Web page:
Emory University is consolidating four existing digital technology services located in the Robert W. Woodruff Library into the newly created Emory Center for Digital Scholarship (ECDS), in a process which began in June and is expected to take several months.
The center is led by Wayne Morse Jr., interim-co-director and director of Emory Center for Interactive Teaching (ECIT), and Allen Tullos, faculty co-director.
Of the component parts of the new center, the Digital Scholarship Commons (DISC), the Lewis H. Beck Center for Electronic Collections, and the Electronic Data Center were formerly under library leadership, while the ECIT fell under the domain of information technology. When Rich Mendola assumed the role of enterprise CIO and senior vice provost for library services and digital scholarship earlier this year, combining them became practical.
According to the Emory Report, though recommendations for the consolidation emerged from a four-month study, Mendola said that the concept has been discussed within the library system for years.
Previously, faculty and graduate students whose projects encompassed digital research, digital teaching, electronic publications and digital data sets or visualization work had to interact with each entity separately. Besides being inconvenient, the different priorities of each service unit could present a problem.
“ECDS will provide a one-stop shop for all things dealing with digital scholarship,” Morse said. “Everyone will be working toward the same goal. I think that’s going to leverage the best of both organizations in a way that’s seamless.”
One thing the consolidation won’t do is eliminate the eight, full-time staff currently employed by the four services. In fact, “the ECDS will likely add staff to increase its capacity for innovative work,” the university said in a statement. ECDS will be positioned to take on even more projects, and Morse says there are plenty of projects in the pipeline.
Designing for flexibility
ECDS will be housed on the third floor of the library. (Previously the four services were separately housed on the second and third floors.) In addition to the eight core employees, the area will include group project meeting space and consultation space. Morse anticipates that up to 12 graduate students will work in the area at different times, and that resources from different areas around campus will be pulled in to assist with specific projects.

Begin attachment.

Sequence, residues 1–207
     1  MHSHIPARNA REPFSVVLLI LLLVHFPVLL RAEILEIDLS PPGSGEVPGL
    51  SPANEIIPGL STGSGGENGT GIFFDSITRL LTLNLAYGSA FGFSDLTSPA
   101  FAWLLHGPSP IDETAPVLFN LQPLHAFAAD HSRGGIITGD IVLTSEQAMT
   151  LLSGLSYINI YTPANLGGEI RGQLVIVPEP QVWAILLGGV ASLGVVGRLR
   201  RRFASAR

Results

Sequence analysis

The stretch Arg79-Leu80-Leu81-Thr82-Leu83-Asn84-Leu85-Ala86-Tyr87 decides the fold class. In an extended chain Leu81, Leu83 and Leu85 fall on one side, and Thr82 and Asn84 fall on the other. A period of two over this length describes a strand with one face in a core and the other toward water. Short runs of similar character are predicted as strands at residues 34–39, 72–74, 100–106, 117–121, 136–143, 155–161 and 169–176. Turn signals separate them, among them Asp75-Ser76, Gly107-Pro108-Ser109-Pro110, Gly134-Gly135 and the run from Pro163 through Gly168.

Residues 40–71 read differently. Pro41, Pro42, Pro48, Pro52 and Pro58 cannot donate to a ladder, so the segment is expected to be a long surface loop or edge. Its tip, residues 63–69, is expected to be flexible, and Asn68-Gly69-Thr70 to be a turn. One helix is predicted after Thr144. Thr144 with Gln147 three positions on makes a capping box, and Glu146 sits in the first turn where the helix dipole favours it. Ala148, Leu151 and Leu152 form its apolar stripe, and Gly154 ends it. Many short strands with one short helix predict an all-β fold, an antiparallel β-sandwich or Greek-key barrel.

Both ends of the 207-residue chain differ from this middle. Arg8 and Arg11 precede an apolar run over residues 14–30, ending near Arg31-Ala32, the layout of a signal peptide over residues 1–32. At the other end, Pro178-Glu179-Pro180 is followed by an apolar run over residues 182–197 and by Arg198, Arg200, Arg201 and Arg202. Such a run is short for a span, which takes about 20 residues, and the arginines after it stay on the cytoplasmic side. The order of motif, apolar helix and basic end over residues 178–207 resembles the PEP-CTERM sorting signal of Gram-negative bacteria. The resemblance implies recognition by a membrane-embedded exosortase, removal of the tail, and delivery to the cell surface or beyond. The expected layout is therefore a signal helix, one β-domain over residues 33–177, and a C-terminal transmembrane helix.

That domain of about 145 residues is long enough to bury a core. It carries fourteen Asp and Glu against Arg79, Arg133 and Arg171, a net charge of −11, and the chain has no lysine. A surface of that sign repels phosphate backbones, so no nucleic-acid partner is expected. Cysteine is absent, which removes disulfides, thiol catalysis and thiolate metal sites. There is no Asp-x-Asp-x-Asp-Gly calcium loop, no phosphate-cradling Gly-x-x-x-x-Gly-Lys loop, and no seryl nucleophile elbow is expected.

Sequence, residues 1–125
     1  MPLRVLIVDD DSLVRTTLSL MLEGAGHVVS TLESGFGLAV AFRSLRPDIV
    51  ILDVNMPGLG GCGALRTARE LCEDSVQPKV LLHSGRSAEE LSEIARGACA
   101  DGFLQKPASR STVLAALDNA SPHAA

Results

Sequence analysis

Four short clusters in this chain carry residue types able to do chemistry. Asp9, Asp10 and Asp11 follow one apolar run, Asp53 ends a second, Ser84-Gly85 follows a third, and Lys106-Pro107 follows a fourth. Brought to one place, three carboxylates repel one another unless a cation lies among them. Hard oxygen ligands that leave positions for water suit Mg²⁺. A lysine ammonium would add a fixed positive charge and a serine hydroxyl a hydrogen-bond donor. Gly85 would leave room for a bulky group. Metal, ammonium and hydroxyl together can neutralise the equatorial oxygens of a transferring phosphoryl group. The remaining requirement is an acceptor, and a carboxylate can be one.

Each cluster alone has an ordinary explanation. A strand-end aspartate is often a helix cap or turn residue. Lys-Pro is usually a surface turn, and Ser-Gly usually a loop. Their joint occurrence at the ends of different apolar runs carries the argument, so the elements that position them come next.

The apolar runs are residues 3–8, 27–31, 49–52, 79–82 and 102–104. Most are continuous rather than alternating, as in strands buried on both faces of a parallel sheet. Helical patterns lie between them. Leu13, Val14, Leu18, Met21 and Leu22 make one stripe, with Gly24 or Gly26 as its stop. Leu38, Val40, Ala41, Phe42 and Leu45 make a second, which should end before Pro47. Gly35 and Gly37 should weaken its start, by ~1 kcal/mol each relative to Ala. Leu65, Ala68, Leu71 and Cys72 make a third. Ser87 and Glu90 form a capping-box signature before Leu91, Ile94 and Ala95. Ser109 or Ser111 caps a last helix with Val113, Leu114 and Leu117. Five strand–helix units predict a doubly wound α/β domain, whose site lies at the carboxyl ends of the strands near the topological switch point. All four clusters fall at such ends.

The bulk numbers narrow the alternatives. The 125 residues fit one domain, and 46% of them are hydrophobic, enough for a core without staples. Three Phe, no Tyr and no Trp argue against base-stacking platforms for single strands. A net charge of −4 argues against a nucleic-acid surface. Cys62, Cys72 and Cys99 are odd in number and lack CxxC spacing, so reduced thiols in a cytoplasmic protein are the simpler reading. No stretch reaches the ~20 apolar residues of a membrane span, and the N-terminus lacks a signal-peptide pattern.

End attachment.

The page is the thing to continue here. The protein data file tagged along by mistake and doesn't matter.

“The plan and final budget for the new space is close to completion; the architect and interior designer are finalizing their plans. Our hope is to complete the transformation by Thanksgiving,” Morse told LJ. The ECIT staff has been meeting with the university interior designer since June to create a dynamic and flexible space that can easily accommodate the needs of each ongoing project, perhaps with offices around the perimeter and group spaces in the center. Initially, furniture and displays will likely be leveraged from DISC and ECIT.
“One of the lessons we learned from ECIT that transferred to DISC and Cox Hall is that having things on wheels and having things that are mobile has been really beneficial,” Morse said. “Now, with our access to wireless technology that’s even more critical.”
Additionally, the Center for Faculty Development and Excellence (CFDE) will be brought into the space—though not into the reporting structure of the ECDS.
Change brings challenges
“I’m really excited about this,” said Alice Hickcox, director, Lewis H. Beck Center for Electronic Collections. “It’s going to be richer and easier for faculty to find help and access it and to create research projects that take advantage of the new digital technologies.”
Not everyone is so excited. “Understandably, they are a little hesitant and maybe a tad bit skeptical, but our goal is to bring everyone in that core team together, and perhaps some of the graduate students, and include those folks in all the decisions, right down to the furniture layout,” Morse said. “Even the skeptics see that this is coming from the top down, and that’s winning over some folks who may not have come over quite so quickly.”
Creating a cohesive identity without sacrificing strong histories may be one of the more challenging decisions.
The Beck Center, created in 1994, is the oldest of the four services. Over the years its name has become well recognized for digitizing literary and historical works for academic scholarship. Its newest project is digitizing the complete prose of T.S. Eliot and former renowned projects include Emory Women Writers Resource Project, Southern Changes, and the Lincoln Project.
“The Beck Center’s been in existence for 20 years,” Hickcox said. “So what happens to the name of the Beck Center? Does it remain as a publishing imprint under the Emory Center for Digital Scholarship? Or does it disappear entirely? What do we do with that legacy? Those are some of the choices we are faced with as we move forward.”
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